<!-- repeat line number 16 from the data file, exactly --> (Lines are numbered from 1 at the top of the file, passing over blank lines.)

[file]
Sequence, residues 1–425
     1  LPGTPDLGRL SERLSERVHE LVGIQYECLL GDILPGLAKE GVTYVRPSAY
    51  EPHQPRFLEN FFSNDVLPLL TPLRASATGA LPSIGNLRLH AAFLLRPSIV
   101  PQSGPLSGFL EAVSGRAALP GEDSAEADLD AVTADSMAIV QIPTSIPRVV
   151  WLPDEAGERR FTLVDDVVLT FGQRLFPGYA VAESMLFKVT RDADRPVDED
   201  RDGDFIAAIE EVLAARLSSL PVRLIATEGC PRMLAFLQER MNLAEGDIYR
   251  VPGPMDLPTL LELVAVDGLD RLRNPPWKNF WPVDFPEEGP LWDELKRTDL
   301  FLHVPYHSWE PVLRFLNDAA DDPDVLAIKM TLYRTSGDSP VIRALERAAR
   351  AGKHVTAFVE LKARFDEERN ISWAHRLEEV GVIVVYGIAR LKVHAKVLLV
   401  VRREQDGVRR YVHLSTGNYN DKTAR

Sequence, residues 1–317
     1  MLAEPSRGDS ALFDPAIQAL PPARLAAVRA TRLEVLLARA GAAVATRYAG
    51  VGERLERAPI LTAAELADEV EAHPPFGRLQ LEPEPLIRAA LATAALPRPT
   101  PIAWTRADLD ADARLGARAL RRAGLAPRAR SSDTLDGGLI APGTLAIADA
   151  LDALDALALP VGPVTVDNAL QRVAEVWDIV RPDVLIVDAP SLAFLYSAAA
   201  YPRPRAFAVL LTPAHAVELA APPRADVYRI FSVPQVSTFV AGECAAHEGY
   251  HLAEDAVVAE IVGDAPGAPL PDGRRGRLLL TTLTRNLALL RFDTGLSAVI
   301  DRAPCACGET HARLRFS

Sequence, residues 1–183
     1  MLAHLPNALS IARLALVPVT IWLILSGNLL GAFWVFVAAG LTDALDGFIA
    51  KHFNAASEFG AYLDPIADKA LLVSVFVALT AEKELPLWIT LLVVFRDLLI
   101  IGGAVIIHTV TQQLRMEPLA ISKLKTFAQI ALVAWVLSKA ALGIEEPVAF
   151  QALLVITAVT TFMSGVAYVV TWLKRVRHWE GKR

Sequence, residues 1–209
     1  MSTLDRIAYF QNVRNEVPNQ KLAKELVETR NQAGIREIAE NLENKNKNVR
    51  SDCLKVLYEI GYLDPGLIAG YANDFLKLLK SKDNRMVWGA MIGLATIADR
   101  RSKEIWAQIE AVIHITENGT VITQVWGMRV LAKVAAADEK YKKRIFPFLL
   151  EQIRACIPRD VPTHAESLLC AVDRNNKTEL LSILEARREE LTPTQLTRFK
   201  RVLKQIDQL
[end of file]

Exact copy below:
   201  YPRPRAFAVL LTPAHAVELA APPRADVYRI FSVPQVSTFV AGECAAHEGY